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Should scientists use performance-enhancing drugs?


In 2008, Stanford law professor Hank Greely, JD, co-authored a Nature commentary (subscription required) discussing the benefits of so-called "smart drugs," like Adderall and Ritalin. Noting Greely's support of the performance enhancers, The Atlantic's Chris Good today suggests that scientists and researchers use the drugs to boost productivity and innovation. He writes:

The arguments against performance-enhancers are the same in both athletics and academics--users gain an unfair competitive edge, and they harm themselves in the process...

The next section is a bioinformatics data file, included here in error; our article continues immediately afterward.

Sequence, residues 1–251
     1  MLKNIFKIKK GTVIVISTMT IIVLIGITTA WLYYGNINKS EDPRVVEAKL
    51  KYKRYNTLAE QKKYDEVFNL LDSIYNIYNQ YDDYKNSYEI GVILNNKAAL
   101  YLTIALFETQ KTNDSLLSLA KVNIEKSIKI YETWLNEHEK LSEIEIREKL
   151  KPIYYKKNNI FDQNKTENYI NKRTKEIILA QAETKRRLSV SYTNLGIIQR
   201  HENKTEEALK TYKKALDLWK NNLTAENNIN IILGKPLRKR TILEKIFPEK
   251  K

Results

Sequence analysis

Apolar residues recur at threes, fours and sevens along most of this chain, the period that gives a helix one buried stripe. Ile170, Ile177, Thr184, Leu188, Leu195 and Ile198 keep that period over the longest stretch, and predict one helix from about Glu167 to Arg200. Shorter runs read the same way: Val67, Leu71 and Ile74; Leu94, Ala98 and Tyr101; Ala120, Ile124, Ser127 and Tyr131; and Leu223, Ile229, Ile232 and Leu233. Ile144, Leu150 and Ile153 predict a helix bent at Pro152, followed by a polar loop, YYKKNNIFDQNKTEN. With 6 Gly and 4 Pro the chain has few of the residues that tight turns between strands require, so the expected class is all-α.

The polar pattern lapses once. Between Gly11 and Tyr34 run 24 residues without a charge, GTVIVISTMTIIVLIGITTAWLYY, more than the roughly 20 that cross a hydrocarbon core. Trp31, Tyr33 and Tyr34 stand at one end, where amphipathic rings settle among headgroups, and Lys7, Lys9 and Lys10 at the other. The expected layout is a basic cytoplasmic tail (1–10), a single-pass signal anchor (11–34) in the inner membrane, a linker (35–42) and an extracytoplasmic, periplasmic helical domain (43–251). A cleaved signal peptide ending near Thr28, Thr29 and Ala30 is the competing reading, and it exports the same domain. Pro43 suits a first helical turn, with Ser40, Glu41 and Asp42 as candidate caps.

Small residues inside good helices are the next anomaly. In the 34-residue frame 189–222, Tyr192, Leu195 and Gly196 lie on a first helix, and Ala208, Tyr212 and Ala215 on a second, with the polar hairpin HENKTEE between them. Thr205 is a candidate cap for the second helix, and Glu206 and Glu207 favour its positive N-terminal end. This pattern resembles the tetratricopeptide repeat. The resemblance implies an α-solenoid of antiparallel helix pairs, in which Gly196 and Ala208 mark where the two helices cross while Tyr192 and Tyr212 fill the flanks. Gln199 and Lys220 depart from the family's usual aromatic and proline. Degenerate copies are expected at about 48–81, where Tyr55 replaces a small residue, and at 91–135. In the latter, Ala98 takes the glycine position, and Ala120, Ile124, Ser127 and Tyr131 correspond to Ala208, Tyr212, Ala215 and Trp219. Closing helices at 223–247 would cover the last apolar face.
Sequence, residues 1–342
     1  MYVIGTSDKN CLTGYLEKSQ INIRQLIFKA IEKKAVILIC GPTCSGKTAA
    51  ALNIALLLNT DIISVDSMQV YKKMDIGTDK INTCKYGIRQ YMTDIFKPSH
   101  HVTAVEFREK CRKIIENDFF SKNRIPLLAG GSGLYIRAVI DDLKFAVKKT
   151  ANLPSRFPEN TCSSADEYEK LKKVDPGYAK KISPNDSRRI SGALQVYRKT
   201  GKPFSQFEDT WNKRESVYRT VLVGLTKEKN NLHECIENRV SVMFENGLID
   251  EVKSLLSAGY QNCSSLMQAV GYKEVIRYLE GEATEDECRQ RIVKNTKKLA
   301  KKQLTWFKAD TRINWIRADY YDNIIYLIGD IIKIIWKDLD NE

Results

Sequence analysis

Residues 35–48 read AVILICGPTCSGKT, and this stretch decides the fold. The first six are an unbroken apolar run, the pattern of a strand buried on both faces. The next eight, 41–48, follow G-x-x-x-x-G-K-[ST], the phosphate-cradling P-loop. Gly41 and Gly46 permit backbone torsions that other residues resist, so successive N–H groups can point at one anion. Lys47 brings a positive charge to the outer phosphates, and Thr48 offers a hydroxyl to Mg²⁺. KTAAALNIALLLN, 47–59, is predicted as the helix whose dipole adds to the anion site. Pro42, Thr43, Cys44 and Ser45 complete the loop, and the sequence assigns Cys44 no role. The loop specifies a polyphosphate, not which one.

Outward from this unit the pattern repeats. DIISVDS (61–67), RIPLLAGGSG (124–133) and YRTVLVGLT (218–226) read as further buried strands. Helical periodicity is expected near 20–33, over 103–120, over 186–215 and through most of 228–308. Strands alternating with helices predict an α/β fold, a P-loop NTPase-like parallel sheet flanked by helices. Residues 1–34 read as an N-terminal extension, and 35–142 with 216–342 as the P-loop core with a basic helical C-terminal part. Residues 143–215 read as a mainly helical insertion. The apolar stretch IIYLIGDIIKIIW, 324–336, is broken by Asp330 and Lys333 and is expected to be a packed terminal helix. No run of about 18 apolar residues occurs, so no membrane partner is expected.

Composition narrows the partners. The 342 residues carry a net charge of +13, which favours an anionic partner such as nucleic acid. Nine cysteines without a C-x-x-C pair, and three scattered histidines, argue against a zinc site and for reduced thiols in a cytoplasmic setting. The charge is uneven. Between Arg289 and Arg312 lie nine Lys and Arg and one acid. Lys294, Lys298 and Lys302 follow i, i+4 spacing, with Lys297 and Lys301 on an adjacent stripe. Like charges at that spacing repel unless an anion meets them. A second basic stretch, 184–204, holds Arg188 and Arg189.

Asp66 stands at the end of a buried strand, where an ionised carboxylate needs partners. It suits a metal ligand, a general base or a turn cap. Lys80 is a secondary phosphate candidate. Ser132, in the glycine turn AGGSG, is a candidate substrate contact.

But for scientists and researchers, particularly those working on medical advancements, things are different. They're working for the public good. Fairness matters less. If one biochemist or physicist "cheats" to gain an edge over a rival research lab, university department, or grant competitor, it may be unethical, but we should be willing to forgive if it means one less day on earth with incurable cancer or massive emissions of carbon gas. As for health concerns, well, we are talking about adults, and we should be willing to let scientists and researchers make that sacrifice.

What do you think, readers? Should performance-enhancing drugs be used for the greater good?

Previously: Paying attention to Adderall use on college campuses
Photo by Arenamontanus

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